things in the constitution of the Revolution • Church; so the judicatories added new grounds

of offence in the steps of administration. These are enumerated in the Judicial Act and Testimony, and the Acknowledgment of Sins prefixed to the bond which is now in use among covenanters.

PRIOR to the year 1732, various teftimonies had been yiven, by protest and otherways, against these steps of mal-administration : But, after that period, the ļighelt ecclesiastic authority was in terposed to put a period unto them. Upon this, Mr Ebenezer Erskine, in a fermon delivered before the Synod of Perth, turned the edge of his doctrine against the growing evil. This was highly resented by the courts. He maintained what he was perfuaded to be the cause of Truth, with undaunted courage. Three other ministers took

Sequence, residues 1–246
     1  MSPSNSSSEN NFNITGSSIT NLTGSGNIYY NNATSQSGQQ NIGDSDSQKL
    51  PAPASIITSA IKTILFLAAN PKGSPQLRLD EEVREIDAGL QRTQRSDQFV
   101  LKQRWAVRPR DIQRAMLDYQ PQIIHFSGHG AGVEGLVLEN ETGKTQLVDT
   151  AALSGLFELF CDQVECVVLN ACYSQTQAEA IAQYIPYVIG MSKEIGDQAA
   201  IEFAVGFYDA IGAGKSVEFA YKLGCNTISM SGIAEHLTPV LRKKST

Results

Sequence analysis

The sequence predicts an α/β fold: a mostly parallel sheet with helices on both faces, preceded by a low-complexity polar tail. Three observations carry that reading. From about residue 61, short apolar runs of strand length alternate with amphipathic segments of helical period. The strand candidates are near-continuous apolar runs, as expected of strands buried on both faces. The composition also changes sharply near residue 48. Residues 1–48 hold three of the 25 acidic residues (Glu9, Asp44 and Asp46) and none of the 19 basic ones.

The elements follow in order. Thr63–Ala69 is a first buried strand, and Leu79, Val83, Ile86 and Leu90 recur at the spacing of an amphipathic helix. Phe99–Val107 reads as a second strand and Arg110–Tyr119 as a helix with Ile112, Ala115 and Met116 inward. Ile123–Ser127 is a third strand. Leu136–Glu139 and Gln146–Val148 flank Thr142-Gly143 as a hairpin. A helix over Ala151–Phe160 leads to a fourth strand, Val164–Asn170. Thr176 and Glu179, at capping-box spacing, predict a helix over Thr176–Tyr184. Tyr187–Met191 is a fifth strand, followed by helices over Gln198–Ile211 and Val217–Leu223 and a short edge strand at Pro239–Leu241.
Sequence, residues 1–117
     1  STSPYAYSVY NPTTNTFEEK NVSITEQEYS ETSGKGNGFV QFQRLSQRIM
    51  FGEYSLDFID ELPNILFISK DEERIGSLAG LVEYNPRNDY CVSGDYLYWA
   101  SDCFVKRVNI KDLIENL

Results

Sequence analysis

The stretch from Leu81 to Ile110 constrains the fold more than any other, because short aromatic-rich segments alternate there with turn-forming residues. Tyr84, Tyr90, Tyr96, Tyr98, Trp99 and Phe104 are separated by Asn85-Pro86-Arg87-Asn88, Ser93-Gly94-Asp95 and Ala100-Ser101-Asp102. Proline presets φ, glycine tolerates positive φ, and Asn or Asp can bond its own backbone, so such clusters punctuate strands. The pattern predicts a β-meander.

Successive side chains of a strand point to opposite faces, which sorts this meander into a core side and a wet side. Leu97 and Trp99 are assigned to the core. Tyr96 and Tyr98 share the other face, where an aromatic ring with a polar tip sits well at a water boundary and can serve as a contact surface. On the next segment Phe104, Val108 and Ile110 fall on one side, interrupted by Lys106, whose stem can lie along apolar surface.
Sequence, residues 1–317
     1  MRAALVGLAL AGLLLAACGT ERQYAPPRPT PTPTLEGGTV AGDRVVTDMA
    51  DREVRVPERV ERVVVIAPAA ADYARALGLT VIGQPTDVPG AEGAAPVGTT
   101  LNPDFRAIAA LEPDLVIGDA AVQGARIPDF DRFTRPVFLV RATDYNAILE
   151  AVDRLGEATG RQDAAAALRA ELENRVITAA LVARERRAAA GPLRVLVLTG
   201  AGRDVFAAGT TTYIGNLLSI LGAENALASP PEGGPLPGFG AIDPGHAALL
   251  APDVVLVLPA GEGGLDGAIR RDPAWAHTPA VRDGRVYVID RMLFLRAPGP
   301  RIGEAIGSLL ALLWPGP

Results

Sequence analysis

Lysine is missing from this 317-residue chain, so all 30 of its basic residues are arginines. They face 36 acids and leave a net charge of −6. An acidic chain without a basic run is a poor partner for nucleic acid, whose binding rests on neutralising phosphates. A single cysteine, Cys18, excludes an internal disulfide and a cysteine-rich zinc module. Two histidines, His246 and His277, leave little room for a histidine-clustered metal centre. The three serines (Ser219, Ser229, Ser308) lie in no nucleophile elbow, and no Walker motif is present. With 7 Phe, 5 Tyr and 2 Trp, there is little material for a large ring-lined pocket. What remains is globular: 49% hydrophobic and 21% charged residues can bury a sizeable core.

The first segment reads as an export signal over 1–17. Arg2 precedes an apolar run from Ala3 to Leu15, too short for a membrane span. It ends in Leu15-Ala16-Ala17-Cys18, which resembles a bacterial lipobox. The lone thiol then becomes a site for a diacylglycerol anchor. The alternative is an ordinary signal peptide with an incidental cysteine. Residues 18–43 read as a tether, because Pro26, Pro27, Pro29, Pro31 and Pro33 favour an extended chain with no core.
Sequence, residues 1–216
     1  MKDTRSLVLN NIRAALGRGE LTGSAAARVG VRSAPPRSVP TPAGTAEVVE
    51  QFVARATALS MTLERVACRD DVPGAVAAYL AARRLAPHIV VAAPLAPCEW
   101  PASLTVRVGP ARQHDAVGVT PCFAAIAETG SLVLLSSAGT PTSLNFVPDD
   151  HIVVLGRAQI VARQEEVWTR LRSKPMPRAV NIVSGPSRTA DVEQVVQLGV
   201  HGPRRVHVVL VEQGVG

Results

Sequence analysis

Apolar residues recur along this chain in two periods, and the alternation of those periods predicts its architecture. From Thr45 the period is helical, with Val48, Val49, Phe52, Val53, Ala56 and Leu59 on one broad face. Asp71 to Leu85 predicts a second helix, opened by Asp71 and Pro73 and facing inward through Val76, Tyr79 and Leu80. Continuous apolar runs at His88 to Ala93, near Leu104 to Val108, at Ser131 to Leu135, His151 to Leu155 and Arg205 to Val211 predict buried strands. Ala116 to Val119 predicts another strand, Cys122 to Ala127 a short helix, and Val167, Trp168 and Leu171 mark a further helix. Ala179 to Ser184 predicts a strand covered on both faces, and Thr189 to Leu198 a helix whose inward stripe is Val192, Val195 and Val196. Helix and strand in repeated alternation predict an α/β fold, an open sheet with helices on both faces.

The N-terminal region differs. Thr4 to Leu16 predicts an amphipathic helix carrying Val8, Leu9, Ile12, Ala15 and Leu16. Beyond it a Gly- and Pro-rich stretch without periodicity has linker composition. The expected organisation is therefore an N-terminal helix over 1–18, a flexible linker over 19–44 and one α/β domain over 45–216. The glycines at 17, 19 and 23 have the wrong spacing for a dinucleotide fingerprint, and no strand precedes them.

part with him in framing various papers respecting the grievances of the Church and her members, one of which bore the delignation of a TESTIMONY. In the year 1737, the ministers who befriended a Covenanted Reformation, and maintained a testimony for it in connection with Mr Erskine, having previously constituted themselves into a Presbytery, entered more minutely into a consideration of the national apostacy from a Covenanted Reformation: They recount the most capital steps of it, and condemn them: They avow their attachment into every former attainment; and their resolution to profecute the ends of their testimiony in connection with every one who thould choose to join them. This testimony was received with avidity by many. It was peculiarly tormenting to the leaders of the National Church: They drew the eccleliastic sword against its authors: They did not spare their treasures in hiring a servile writer to confute it. These things contributed their part to increase its number and respect. The blessing of God succeeded the labours of his servants; and their number was increased both by ordinations and new accessions from the Establislıment. The ministers and people were unanimous in the advancement of a Covenanted Reformation. As errors were still upon the increase in the land, they proceeded to publishi an Act, entitled THE DOCTRINE OF GRACE, for their more explicit condemnation: And, con